Faux Ami Diplomacy
Late last month, French President, Emmanuel Macron seemed to encounter a situation of having good intentions “lost in translation.” While Macron is known for being well versed in English, he uttered the phrase that flipped the news cycle on it’s head for the rest of the week to Prime Minister Malcolm Turnbull.
“I want to thank you for your welcome, thank you and your delicious wife for your warm welcome,” Macron said.
As one may expect, the journalists in attendance took this story and ran with it with the AP posting a report beginning with the phrase “Was it a Freudian slip by French President Emmanuel Macron? A joke linked to French gastronomy?” as a reference to the statement U.S. President, Donald Trump made to Macron’s wife, Brigitte.
In July of this past year, when Trump visited Paris for Bastille Day, he complimented Macron’s 64-year-old wife, Brigitte, saying she was in “such great shape.”
While it is easy to label Macron acting inappropriately for the linguistic choice, it is necessary to understand the meaning of the term in the French language. In navigating this “faux ami,” ( a word that looks and sounds similar in multiple languages but differs significantly in meaning), we must understand that the term “délicieuse” can and often does mean “delicious,” but it can also mean “lovely” or “charming” when used to describe a person.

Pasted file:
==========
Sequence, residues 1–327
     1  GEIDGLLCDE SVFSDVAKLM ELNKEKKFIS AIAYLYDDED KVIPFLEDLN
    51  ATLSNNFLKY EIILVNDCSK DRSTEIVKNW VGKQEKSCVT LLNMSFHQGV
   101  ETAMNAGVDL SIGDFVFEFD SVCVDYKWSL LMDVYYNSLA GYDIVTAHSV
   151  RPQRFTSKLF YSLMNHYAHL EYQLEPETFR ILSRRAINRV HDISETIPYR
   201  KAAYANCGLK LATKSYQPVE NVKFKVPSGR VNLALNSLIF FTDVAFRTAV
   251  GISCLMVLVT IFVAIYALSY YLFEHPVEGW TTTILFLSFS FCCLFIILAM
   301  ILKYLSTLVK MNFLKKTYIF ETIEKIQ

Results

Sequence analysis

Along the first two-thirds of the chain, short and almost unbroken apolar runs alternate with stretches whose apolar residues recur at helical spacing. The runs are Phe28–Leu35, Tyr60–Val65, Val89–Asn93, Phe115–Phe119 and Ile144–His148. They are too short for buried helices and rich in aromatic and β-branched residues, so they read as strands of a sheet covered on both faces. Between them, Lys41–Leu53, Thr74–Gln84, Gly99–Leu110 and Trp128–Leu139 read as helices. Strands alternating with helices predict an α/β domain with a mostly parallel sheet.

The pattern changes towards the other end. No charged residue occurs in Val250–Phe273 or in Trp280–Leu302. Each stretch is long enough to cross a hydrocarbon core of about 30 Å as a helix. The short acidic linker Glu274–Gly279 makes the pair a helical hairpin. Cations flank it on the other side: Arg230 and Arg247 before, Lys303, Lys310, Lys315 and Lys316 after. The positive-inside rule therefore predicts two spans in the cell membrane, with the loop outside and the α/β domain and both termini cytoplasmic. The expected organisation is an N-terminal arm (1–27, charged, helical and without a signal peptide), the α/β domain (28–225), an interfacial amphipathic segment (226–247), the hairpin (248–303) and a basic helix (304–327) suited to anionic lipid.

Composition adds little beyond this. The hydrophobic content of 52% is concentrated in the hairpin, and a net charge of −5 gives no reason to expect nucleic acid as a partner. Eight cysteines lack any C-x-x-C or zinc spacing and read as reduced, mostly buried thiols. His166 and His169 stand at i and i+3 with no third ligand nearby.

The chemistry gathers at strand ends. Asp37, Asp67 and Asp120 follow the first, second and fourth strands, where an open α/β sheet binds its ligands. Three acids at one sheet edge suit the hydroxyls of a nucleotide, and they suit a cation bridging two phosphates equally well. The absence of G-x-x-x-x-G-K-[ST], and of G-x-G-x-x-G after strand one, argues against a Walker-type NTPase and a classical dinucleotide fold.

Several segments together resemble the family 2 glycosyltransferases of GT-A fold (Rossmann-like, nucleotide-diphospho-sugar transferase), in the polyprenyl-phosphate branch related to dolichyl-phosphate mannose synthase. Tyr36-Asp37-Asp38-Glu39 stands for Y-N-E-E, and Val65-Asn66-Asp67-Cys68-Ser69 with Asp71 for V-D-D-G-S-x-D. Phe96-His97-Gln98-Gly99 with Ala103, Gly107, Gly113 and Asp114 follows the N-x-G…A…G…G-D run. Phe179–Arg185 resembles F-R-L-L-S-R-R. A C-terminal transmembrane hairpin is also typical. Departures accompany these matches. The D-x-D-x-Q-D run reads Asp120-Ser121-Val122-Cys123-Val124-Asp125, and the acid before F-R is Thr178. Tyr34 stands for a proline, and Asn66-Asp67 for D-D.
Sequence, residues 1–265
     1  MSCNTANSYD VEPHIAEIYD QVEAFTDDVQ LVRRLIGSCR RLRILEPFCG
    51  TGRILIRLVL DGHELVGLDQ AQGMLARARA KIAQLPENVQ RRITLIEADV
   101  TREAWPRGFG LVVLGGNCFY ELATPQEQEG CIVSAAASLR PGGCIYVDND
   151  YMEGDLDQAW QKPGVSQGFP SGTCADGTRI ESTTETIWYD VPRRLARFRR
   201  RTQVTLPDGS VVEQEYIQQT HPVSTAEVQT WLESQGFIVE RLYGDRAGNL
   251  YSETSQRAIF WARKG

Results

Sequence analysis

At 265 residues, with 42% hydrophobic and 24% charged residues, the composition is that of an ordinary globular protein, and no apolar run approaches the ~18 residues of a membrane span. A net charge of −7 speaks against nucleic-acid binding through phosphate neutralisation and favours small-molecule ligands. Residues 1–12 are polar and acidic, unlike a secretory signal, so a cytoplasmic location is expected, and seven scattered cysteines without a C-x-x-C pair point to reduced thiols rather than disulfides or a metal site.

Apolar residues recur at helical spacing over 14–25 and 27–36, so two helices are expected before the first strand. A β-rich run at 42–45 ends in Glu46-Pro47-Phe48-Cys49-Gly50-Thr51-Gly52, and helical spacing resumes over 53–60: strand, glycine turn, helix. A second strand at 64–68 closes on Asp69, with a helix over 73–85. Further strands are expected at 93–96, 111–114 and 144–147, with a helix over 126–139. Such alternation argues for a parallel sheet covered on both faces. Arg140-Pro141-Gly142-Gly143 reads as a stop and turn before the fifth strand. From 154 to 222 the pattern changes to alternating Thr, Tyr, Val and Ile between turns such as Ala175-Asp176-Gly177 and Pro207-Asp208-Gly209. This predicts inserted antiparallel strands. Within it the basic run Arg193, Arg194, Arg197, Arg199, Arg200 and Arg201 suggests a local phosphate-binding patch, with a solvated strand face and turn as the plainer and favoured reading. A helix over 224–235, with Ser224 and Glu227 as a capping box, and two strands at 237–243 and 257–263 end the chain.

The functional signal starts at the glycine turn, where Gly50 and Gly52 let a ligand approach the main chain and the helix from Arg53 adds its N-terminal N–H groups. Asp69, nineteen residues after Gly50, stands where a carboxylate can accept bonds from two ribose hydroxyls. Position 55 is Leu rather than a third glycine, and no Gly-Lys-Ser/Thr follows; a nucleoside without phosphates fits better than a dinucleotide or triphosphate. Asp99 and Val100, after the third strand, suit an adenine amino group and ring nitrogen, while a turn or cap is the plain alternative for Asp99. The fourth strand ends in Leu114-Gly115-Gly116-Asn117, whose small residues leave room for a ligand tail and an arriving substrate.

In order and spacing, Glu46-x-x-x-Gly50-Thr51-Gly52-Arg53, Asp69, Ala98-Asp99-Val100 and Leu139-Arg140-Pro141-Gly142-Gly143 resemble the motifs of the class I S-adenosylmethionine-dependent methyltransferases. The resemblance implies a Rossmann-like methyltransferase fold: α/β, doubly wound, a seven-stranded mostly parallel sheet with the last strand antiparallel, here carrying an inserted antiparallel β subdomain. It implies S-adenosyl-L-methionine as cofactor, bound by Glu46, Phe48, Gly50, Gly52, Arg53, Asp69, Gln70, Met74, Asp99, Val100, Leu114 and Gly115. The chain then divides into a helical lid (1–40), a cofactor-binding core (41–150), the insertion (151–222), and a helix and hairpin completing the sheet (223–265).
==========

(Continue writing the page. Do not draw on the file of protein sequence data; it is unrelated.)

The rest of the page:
Regardless of all things considered, this headline inducing event is a prime example of the difficulties of conducting diplomacy in a foreign language, even for a staunch globalist such as Macron.
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